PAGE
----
Keenan Nemetz 19 Apr 4, 2022
Pagser is a simple, extensible, configurable parse and deserialize html page to struct based on goquery and struct tags for golang crawler

Pagser Pagser inspired by page parser。 Pagser is a simple, extensible, configurable parse and deserialize html page to struct based on goquery and str

foolin 62 Jun 13, 2022
Take screenshots of websites and create PDF from HTML pages using chromium and docker

gochro is a small docker image with chromium installed and a golang based webserver to interact wit it. It can be used to take screenshots of w

Christian Mehlmauer 48 Jun 12, 2022
⚙️ Convert HTML to Markdown. Even works with entire websites and can be extended through rules.

html-to-markdown Convert HTML into Markdown with Go. It is using an HTML Parser to avoid the use of regexp as much as possible. That should prevent so

Johannes Kaufmann 366 Jun 24, 2022
yview is a lightweight, minimalist and idiomatic template library based on golang html/template for building Go web application.

wview wview is a lightweight, minimalist and idiomatic template library based on golang html/template for building Go web application. Contents Instal

null 0 Dec 5, 2021
HTML, CSS and SVG static renderer in pure Go

Web render This module implements a static renderer for the HTML, CSS and SVG formats. It consists for the main part of a Golang port of the awesome W

Benoit KUGLER 7 Apr 19, 2022
Golang metrics for calculating string similarity and other string utility functions

strutil strutil provides string metrics for calculating string similarity as well as other string utility functions. Full documentation can be found a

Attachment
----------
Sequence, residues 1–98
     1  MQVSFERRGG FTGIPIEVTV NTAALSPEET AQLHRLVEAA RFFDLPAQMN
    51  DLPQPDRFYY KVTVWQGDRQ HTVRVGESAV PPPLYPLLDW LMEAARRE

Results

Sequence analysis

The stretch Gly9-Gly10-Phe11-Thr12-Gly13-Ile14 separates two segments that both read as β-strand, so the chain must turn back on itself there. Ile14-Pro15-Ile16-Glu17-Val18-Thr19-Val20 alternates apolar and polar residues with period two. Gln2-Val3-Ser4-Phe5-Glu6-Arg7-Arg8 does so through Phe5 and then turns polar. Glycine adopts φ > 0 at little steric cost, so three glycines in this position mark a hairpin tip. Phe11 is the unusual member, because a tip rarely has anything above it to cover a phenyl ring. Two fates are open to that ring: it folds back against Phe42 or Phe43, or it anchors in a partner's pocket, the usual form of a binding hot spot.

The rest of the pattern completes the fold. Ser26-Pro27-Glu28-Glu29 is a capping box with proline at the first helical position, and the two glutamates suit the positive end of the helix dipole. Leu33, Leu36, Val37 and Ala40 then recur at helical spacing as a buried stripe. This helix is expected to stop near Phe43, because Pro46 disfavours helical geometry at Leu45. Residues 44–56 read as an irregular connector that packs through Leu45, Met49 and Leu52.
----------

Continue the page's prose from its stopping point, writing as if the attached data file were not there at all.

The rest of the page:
Adrian-George Bostan 99 Jun 30, 2022
A declarative struct-tag-based HTML unmarshaling or scraping package for Go built on top of the goquery library

goq Example import ( "log" "net/http" "astuart.co/goq" ) // Structured representation for github file name table type example struct { Title str

Andrew Stuart 217 May 30, 2022
htmlquery is golang XPath package for HTML query.

htmlquery Overview htmlquery is an XPath query package for HTML, lets you extract data or evaluate from HTML documents by an XPath expression. htmlque

null 491 Jun 24, 2022
Golang HTML to plaintext conversion library

html2text Converts HTML into text of the markdown-flavored variety Introduction Ensure your emails are readable by all! Turns HTML into raw text, usef

J. Elliot Taylor 408 Jun 18, 2022
export stripTags from html/template as strip.StripTags

HTML StripTags for Go This is a Go package containing an extracted version of the unexported stripTags function in html/template/html.go. ⚠️ This pack

John Wang 110 Jun 13, 2022
Frongo is a Golang package to create HTML/CSS components using only the Go language.

Frongo Frongo is a Go tool to make HTML/CSS document out of Golang code. It was designed with readability and usability in mind, so HTML objects are c

Rewan_ 21 Jul 29, 2021
network .md into .html with plaintext files

plain network markdown files into html with plaintext files plain is a static-site generator operating on plaintext files containing a small set of co

Alexander Cobleigh 53 Jun 13, 2022
golang program that simpily converts html into markdown

Simpily converts html to markdown Just a simple project I wrote in golang to convert html to markdown, surprisingly works decent for a lot of websites

null 1 Oct 23, 2021
Simple Markdown to Html converter in Go.

Markdown To Html Converter Simple Example package main import ( "github.com/gopherzz/MTDGo/pkg/lexer" "github.com/gopherzz/MTDGo/pkg/parser" "fm

Nikita Kazeka 2 Jan 29, 2022
This command line converts thuderbird's exported RSS .eml file to .html file

thunderbird-rss-html This command line tool converts .html to .epub with images fetching. Install > go get github.com/gonejack/thunderbird-rss-html Us

会有猫的 0 Dec 15, 2021
Develop Sites Faster with HTML-Includer!

HTML Includer Develop Sites Faster with HTML Includer! How to Install Install HTML Includer on your machine: go install github.com/GameWorkstore/html-

Game Workstore 0 Jan 1, 2022
Golang library for converting Markdown to HTML. Good documentation is included.

md2html is a golang library for converting Markdown to HTML. Install go get github.com/wallblog/md2html Example package main import( "github.com/wa

null 0 Jan 11, 2022